Yoga of the Heart: Sharing yoga and other joys with someone you Love!

Or, How to take relationship advice this Valentine's Day from a celibate monk who's been dead for over 2000 years...

Morgan Palmer Hubbard and Carlota Amargós are part of the NowHere Yoga collective, based in Barcelona. They are teaching Sunrise Yoga on Valentine's Day as part of a series of yoga workshops and ceremonies in festivals and events in NZ this summer.

It’s easy to miss in this busy world full of screens, distractions, and worries. But when we take the time to really look into the eyes of another human being, we immediately come into contact with the pure intelligence of life, looking right back at us. It’s a lot to take in – a little taste of the infinite! This living, breathing other, a son or daughter, a mother or father, a lover, a friend – in every meeting of minds and hearts, we are just a heartbeat away from illuminating our absolute interconnectedness.

When we look at the structure and development of the human being, it comes as no surprise that relationship is a potent force in our lives. Our bodies are made for relating: from the soft, sensitive front line of the body, our upright stance, and forward-facing sense organs, relating seems to be built-in as an important part of our evolution.

Relating authentically with another human being, we open our body-mind to the world’s most complex, potent paths toward neurological, cognitive, emotional, and spiritual development. This is why children play, why martial artists spar, why Acroyogis fly, why satsang with the wise nourishes and inspires us - and why lovers through the ages have found bliss and depth in each other’s arms.

Knowing this, we’re very happy to be sharing some partner yoga practices this Valentine’s Day, in collaboration with WE-AR as part of their Sunrise Yoga series! (Though we should say too, this Sunrise session will not just be for couples, no partner will be necessary and we’ll be exploring yoga practice in a range of ways from pairs to groups!)

We came to know each other through a shared love of yoga practice, and that love has both strengthened and been strengthened by our intimacy in other areas of our life. Not only is it a cornerstone of our health and wellbeing, which helps us maintain the energy and enthusiasm to really show up for each other in our work and play, but we’ve found practicing yoga together is enriching on deeper levels of our heart connection too.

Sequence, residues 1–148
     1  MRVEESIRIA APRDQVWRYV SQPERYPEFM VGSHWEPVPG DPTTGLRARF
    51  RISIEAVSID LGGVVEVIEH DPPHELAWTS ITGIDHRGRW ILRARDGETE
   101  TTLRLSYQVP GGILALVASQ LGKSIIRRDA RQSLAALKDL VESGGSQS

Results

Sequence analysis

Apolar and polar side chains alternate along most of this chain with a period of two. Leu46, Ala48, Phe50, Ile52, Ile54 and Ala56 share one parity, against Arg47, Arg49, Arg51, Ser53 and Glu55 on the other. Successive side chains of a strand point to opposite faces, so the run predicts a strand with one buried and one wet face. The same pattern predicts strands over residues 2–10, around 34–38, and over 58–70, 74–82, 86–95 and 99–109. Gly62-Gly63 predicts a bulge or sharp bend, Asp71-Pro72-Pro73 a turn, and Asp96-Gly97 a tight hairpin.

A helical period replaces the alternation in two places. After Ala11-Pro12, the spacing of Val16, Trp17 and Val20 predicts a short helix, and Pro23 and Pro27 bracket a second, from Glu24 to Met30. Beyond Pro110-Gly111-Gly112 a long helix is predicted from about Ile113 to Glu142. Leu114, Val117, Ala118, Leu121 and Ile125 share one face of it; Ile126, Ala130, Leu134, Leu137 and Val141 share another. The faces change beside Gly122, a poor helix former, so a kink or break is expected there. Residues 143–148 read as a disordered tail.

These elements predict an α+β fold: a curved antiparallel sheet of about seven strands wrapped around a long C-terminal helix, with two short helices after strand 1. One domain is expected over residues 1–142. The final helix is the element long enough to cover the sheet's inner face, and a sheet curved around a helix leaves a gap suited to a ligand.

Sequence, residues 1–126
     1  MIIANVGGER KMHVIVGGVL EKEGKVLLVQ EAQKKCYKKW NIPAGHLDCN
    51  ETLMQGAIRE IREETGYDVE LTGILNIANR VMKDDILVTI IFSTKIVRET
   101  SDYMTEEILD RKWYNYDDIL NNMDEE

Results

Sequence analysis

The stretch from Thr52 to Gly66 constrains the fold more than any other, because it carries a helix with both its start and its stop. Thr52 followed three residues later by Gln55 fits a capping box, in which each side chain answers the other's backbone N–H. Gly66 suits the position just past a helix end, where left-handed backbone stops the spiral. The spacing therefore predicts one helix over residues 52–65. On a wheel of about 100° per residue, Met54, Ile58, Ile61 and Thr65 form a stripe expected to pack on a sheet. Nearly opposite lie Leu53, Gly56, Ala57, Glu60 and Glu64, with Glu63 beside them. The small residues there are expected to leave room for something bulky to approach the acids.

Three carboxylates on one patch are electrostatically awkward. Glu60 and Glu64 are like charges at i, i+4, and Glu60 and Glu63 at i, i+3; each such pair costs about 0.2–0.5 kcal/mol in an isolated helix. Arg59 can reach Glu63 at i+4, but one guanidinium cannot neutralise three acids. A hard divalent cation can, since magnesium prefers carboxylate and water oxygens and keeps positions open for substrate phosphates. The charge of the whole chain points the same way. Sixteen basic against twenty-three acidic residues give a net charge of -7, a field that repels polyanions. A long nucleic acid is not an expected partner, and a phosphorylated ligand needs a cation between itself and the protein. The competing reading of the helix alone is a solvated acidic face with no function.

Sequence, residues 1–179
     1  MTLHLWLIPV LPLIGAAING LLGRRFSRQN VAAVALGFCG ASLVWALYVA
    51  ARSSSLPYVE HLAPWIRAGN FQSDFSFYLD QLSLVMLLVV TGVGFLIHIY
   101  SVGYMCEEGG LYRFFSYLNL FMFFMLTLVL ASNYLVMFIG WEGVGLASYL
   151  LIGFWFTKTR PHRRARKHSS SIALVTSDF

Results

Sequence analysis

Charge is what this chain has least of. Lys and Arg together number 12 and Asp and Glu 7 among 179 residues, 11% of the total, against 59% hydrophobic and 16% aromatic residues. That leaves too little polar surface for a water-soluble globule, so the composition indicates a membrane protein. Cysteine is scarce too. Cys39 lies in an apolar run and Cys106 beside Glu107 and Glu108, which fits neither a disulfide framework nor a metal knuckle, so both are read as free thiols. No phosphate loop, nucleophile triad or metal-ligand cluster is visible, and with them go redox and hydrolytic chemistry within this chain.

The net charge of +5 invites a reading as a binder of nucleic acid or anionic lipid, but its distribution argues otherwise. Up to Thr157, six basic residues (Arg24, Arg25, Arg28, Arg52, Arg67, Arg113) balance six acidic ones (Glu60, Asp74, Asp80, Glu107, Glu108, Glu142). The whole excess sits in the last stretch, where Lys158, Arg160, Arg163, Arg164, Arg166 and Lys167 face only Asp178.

This is because yoga in relationship is not just about getting your bodies feeling good together. In the Yoga Sutras of Patanjali (and many other yogic source texts), we can find a stunningly clear treatise on how to relate, in the form of the Yamas, yoga’s ethical considerations that guide us toward harmony in our engagement with life and the world. 

When we interpret our intimate relating through the lens of the Yamas, we see the fundamental dynamics of conscious relating laid bare. How can there be any loving relationship at all without some prior establishment in ahimsa (non-harming)? It will only occur in the presence of a genuine and gentle sensitivity. Attempts to dominate or force another person exclude that. Likewise, satya (honesty) is the foundation of any truly powerful relating as it builds trust, steadily illuminating what the relating actually is and thus allowing us to deepen and grow in it, rather than putting energy into maintaining illusions and lies.

Often we find ourselves in relationship to try and meet our own needs, rather than those of the other. Through the lens of asteya (non-taking) we see more clearly, once we make the shift from “taking from” to “giving to”, we open into a completely different level of authenticity and loving with another human.

In the modern world, we might get a bit fixated on brahmacharya, as it’s often translated as “celibacy”, which would then seem to go against intimate relating. In the context of a loving sensual and sexual relationship though, brahmacharya reminds us not to misuse our energy and attention in the relationship – to have fidelity in body, heart, and mind, not allowing destructive patterns of behavior to diminish the energetic synergy created between lovers.

Aparigraha or “non-attachment” does not mean not caring about our partners and loved ones. But it’s a recognition that relationships, like any manifest form, begin, are sustained, and also end. The vast majority of us have felt the pain of heartbreak, but also the liberation of a relationship ending when it no longer serves those involved.

If relationship truly can be a positively transformative experience, it must be received with gratitude, sustained with care and effort, explored with intelligence and enjoyed with contentment, and, if it comes to an end, released with equanimity. Which as we all know, is not always easy! But the Yamas make clear the truest, deepest direction of intent in our relating with each other. So may our loving BE our yoga, and yoga be our guide to relationships that nourish our selves, each other, and through that, the whole world!

Morgan and Carlota will be offering in the following weeks:

Yoga, Cacao & Ecstatic Dance ceremony at RAW Yoga in Milford on Friday 16th February

Back to the Source: a weekend yoga intensive at RAW Yoga 17-18th February

Presenting at the NZ International Yoga Festival at Kawai Purapura 22-25th February

Cacao Dance link:

Weekend intensive link:

KP Yoga fest link:


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